It is rare for a minister to admit that his government was wrong. Hats off to the Minister of Health, Christian Dubé, for having done so in all candor. In the second wave of COVID-19, his admission is not trivial.
In an interview with 98.5, Mr. Dubé admitted the error of not having planned to better ventilate the schools before the onset of winter. The virus can also be spread by aerosols suspended in the air in closed, poorly ventilated places.
“It should have been done a long time ago,” admitted Minister Dubé. […] I asked Public Health to revise their opinion because until now, they had not asked us to have specific measures for ventilation. […] Should this have been a priority during the summer? Looking back, you are probably right, but we are doing what we are told to do. “
This statement is significant because the minister clearly explains the reality. Very disturbing otherwise. Either the Public Health of Quebec and in doing so, its boss, Horacio Arruda, have not recommended anything to the government on the front of ventilation in schools.
From the beginning of July, however, hundreds of experts very publicly sounded the alarm to the WHO on the possible spread of COVID-19 by aerosols. In the name of the precautionary principle, they said, it was necessary to quickly improve the ventilation of closed public places.
On July 27, the National Institute of Public Health of Quebec (INSPQ) also noted: “More and more authors are of the opinion that the spread by infectious aerosols is plausible and that it should be taken into consideration. “. (Unlike Public Health, the INSPQ is independent from politics.)
How is it that Public Health did not see fit to make this a priority issue?
As for the mask in spring – which she had advised against before hesitating for a long time to recommend that they be worn in closed public places. Here again, Public Health seems to have missed the boat.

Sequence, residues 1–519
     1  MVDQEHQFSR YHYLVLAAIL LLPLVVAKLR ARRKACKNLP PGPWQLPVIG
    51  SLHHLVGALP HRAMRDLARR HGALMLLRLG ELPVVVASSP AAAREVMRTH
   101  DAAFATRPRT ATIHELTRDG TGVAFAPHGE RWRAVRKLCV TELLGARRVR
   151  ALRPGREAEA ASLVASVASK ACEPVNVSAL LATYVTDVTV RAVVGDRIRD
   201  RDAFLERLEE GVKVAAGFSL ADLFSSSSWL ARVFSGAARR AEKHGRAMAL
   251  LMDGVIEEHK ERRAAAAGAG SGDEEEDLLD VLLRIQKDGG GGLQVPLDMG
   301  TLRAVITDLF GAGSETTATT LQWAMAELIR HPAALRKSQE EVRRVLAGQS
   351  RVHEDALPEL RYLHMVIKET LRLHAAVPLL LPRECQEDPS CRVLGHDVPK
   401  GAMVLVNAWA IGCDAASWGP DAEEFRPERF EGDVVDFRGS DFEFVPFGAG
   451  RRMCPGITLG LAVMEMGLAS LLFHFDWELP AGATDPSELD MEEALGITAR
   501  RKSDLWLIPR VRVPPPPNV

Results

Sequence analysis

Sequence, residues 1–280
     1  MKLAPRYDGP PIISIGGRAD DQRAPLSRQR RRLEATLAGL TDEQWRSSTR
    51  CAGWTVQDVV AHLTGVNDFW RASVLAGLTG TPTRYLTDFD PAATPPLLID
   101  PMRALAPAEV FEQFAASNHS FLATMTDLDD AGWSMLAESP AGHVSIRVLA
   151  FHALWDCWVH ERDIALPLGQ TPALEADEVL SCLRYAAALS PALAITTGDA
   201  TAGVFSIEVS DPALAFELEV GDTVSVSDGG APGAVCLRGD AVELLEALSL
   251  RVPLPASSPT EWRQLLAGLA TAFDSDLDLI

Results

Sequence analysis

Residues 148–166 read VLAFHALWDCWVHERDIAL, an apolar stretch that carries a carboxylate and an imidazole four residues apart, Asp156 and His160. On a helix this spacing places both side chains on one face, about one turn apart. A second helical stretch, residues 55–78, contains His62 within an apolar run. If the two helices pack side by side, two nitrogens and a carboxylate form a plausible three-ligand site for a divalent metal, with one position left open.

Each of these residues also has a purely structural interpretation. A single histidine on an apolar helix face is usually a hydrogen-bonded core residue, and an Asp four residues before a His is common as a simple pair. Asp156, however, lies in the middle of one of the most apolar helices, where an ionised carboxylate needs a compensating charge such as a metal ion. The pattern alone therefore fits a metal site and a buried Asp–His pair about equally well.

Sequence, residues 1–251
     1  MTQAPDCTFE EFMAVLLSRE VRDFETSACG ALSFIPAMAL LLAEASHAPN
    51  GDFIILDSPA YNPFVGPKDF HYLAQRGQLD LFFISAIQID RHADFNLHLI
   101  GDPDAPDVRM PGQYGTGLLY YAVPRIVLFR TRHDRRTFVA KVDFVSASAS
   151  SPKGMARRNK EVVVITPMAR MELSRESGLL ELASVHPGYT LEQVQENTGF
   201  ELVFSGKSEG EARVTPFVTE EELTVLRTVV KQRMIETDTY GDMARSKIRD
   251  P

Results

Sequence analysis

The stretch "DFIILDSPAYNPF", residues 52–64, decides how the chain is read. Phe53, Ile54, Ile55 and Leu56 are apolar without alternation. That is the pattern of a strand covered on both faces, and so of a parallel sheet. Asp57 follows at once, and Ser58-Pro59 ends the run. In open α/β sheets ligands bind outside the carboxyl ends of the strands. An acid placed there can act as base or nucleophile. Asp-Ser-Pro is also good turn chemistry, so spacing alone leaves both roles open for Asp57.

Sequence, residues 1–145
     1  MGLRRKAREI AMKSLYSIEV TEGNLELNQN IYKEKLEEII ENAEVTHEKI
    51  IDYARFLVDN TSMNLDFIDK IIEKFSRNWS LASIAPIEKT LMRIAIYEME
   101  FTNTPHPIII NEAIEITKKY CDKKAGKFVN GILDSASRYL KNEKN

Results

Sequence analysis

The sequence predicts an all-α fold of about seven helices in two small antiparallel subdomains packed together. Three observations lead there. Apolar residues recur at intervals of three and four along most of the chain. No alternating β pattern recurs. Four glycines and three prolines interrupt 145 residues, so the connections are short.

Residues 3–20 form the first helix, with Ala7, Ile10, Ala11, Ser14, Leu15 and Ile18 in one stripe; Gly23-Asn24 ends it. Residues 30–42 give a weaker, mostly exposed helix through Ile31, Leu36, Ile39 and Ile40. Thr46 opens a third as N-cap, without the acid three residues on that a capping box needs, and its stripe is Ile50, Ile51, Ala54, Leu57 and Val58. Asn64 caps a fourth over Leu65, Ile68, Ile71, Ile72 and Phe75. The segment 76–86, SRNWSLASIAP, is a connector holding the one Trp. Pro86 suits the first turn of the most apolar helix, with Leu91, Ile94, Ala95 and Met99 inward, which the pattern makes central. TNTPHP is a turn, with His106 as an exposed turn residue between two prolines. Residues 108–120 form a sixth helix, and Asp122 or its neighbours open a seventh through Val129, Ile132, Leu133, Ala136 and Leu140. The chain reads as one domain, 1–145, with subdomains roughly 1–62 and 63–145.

Prime Minister François Legault was concerned yesterday about the sharp increase in COVID-19 cases in schools. He said he had no indications that these outbreaks were due to poor ventilation.
Other factors can indeed come into play. This, on the other hand, does not exclude that ventilation problems can also contribute. Or, that they will necessarily increase with the winter cold.
Meanwhile, the Ministry of Health grants Horacio Arruda, at his request, the services of a personal communications advisor. Objective: to clarify its messages.
It is true that Mr. Arruda’s responses to press briefings are often long, sometimes confused and even contradictory.
Whether we think of doctors Joanne Liu, Cécile Tremblay, Amir Khadir or Karl Weiss, among others, the scientists solicited by the media are however very clear in their explanations.
Could it therefore be that in Public Health, the real weakness is not so much on the “form” of the communication but on the substance of some of its own hesitations to recommend to the government to apply the precautionary principle when? it must ?